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Best safaris

The Big Five Game Reserves

Tracking the Big Five through the African bush is an exhilarating experience. Here's our expert guide on where best to find them…

A thrilling safari in the heart of Africa is on the must-do list for many, an essential element being to tick off the Big Five - lion, leopard, buffalo, rhinoceros and elephant.  Grab your binoculars and let our experts guide you to the ultimate safari holiday…  

Lion : South Africa
The Shamwari Game Reserve, in the Eastern Cape of South Africa, works with the Born Free Foundation and maintains Big Cat Rescue and Education Centres. It’s the mission of Born Free, founded by actress and conservationist Virginia McKenna and late husband Bill Travers, to ‘Keep Wildlife in the Wild’.

Both Shamwari and Born Free protect big cats and many other species and have rescued animals from all over the world. On Shamwari's morning and evening game drives you'll see lions and the rest of the Big Five.


Luxurious lodges can be found at the Shamwari Game Reserve, South Africa

Accommodation is in a choice of individually styled luxury lodges, in glorious settings giving the opportunity to interact with nature in its purest form.

Leopard : Namibia
The Okonjima Nature Reserve, is halfway between the capital Windhoek and renowned Etosha National Park.

As they're nocturnal and well-camouflaged, leopards are the most elusive of the Big Five and you need an expert guide. At the family-run Okonjima, home of conservation charity The AfriCat Foundation, small groups go in rough-terrain vehicles and stay out for as long as it takes to snap your prey.
Staff use radios to share sightings. What looks like a patch of bare scrub can hide a gloriously languid leopard.

Accommodation is in luxury villas with vast picture windows. Guests can sponsor a leopard and receive updates once home.


Rhino now inhabit areas where they had been virtually extinct

Rhino : Botswana
Moremi Game Reserve is on the eastern side of the Okavango Delta, where black and white rhinoceros have been introduced under the Botswana Rhino Reintroduction Project. It has seen a zero-tolerance anti-poaching policy result in rhino once again inhabiting areas where they had been virtually extinct.

As well as the Big Five, on Moremi game drives you'll see a wealth of bird species by the lagoons, including the African Fish Eagle, Pel’s Fishing Owl, Crested Crane, Lilac-breasted Roller, Hammer-kop, Ostrich and Sacred Ibis.


Belmond Khwai River Lodge, Botswana

Luxurious accommodation is in Belmond Khwai River Lodge, idyllically set at the forest edge with  views over the floodplains.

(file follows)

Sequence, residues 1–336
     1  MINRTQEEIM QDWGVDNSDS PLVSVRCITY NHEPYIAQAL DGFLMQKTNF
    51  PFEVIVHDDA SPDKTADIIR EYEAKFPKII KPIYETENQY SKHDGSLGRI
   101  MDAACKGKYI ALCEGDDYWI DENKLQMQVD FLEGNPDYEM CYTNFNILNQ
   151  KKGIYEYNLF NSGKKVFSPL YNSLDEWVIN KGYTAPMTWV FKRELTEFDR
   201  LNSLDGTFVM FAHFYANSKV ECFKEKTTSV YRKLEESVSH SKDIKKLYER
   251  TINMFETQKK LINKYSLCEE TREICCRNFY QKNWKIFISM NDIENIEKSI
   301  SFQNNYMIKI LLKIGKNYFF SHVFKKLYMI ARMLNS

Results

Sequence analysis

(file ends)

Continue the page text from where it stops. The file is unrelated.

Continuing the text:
Elephant : Kenya
Samburu Intrepids Lodge is a lush oasis on the banks of the great Uaso Nyiro River in Samburu Game Reserve. Elephants love to play in the water and guests have a front-row seat from their room - with several impromptu shows a day.

The tented luxury camp is at the edge of a forest and cooled by the river breeze. It sits on raised decks overlooking the river, where crocodiles also often lounge by the bank. The jagged peak of distant Mount Kenya is in the background.

On Samburu game drives you'll see the other members of the Big Five.

Buffalo : Kenya
The Porini Mara camp is in the Serengeti-Mara wilderness. Dubbed 'the widow-makers', buffaloes are probably the most deadly of the Big Five and reportedly kill 200 people a year.

Guides explain what to do if a buffalo charges: lie flat, face-down, so they can't gore and toss you on their horns. The ones we found were too busy rutting and sparring to charge. But the sense of danger makes it feel all the more real.

Accommodation is in tents, all with hot showers, flushing loos, comfortable beds and living areas with sofas.


Encounter the mighty elephant in Kenya


Fine-tuning your trip
All of these wonderful safari options are just a starting point for your African holiday adventure, why not add on hotels before and after a safari or include any additional tours or excursions.

The Africa Bush offers many awe inspiring experiences, it is not all about the Big Five. Some reserves are expanding 'walking safaris', where you get close to nature on foot, such as on a mountain gorilla trek.

The great migration, the annual journey of two million wildebeest from the plains of the Serengeti  to the grasslands of the Masai Mara, is an astonishing sight.

And a safari/beach combination is possible, for example, in Kenya or South Africa.


First published in the Mail on Sunday - February 2019

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